For most banks, the transition from LSI to SI status takes about two years. It begins when an LSI triggers one of five criteria relating to size, economic importance, cross-border activities, ESM assistance or national ‘Top 3’ status. Once informed of this by an NCA, the ECB carries out a Comprehensive Assessment and confirms the bank’s supervisory status. A new SI then has a few months to prepare for direct ECB supervision.

Moving from LSI to SI status has a complex and significant impact on a bank’s supervisory burden (see Figure 2). The most important areas of change can be summarized under six headings.

  • Greater formalization. Direct supervision by the ECB involves more formality over areas including mixed Joint Supervisory Teams, On-Site Inspections, Thematic Reviews and Reviews of Internal Models.
  • The Comprehensive Assessment (CA). Before entering direct ECB supervision LSIs undergo a three-stage CA, comprising a Supervisory Risk Assessment, an Asset Quality Review and a full Stress Test.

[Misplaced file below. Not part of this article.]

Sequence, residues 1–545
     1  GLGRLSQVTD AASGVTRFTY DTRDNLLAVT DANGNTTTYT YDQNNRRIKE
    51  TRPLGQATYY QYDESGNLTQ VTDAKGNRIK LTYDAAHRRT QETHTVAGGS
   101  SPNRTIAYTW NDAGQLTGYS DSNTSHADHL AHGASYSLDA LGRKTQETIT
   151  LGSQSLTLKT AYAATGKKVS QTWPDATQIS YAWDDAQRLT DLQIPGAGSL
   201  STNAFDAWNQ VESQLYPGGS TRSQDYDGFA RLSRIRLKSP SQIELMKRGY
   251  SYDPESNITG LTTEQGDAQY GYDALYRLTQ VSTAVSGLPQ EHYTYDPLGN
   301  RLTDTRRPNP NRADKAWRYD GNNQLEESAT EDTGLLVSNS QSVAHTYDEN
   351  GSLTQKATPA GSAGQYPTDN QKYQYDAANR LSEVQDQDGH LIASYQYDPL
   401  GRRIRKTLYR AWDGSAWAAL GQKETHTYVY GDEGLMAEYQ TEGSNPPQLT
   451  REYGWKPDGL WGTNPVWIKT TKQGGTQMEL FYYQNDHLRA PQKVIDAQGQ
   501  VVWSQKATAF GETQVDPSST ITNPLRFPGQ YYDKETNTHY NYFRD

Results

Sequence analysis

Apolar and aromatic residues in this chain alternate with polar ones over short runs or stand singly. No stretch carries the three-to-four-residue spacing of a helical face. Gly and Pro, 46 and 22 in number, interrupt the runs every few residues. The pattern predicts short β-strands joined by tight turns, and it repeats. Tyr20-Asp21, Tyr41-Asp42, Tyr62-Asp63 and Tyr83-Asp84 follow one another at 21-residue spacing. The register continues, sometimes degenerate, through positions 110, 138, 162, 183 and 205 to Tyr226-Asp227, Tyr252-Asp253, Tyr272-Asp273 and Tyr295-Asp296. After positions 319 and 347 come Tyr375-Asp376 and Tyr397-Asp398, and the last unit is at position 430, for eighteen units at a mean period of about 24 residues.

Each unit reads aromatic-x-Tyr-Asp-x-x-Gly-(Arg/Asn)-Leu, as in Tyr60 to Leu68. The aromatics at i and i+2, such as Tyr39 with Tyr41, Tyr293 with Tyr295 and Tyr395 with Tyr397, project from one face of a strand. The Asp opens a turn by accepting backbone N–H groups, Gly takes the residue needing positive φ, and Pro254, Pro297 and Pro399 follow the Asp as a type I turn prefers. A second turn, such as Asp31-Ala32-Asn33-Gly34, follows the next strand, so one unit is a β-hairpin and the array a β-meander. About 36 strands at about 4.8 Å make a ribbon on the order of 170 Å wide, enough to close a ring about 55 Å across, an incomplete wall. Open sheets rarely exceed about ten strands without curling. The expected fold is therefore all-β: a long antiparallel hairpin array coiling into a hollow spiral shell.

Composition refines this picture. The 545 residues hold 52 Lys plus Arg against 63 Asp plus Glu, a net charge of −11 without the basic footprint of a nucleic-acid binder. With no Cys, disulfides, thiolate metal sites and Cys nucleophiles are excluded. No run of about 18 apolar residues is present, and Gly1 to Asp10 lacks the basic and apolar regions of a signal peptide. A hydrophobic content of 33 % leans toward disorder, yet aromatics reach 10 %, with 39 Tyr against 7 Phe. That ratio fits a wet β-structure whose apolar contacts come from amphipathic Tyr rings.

• Additional reporting. SI status carries additional reporting requirements in a number of areas including FINREP, COREP, Non-Performing Loans (NPLs) and Statistical Reporting.
  • Capital Requirements. The Supervisory Review and Evaluation Process (SREP) and a comprehensive Stress Test are core components of Pillar 2 capital calculations for SIs.
  • Governance and Risk Management. In recent years the ECB has set more specific expectations for SI governance and risk management, including ICAAP, ILAAP, risk appetite and NPLs. It is also expected to set out new expectations for outsourcing.
  • CRR and CRD. The ECB takes its own approach to the various options and discretions applicable to CRR/CRD, which can differ from the approach taken by individual NCAs.
Figure 2: From LSI to SI – an indicative ‘heat map’ of supervisory changes
From LSI to SI – an indicative ‘heat map’ of supervisory changes

Can the ECB reconcile harmonization with proportionality?

The SSM Regulations not only call for supervisory harmonization. They also require the ECB to take a proportionate approach to direct supervision and the guidance it issues to NCAs. For SIs, this is usually achieved by providing common standards and expectations, which are applied on a bank-by-bank basis by Joint Supervisory Teams. For LSIs, the ECB takes measures to ensure proportional supervision in four areas: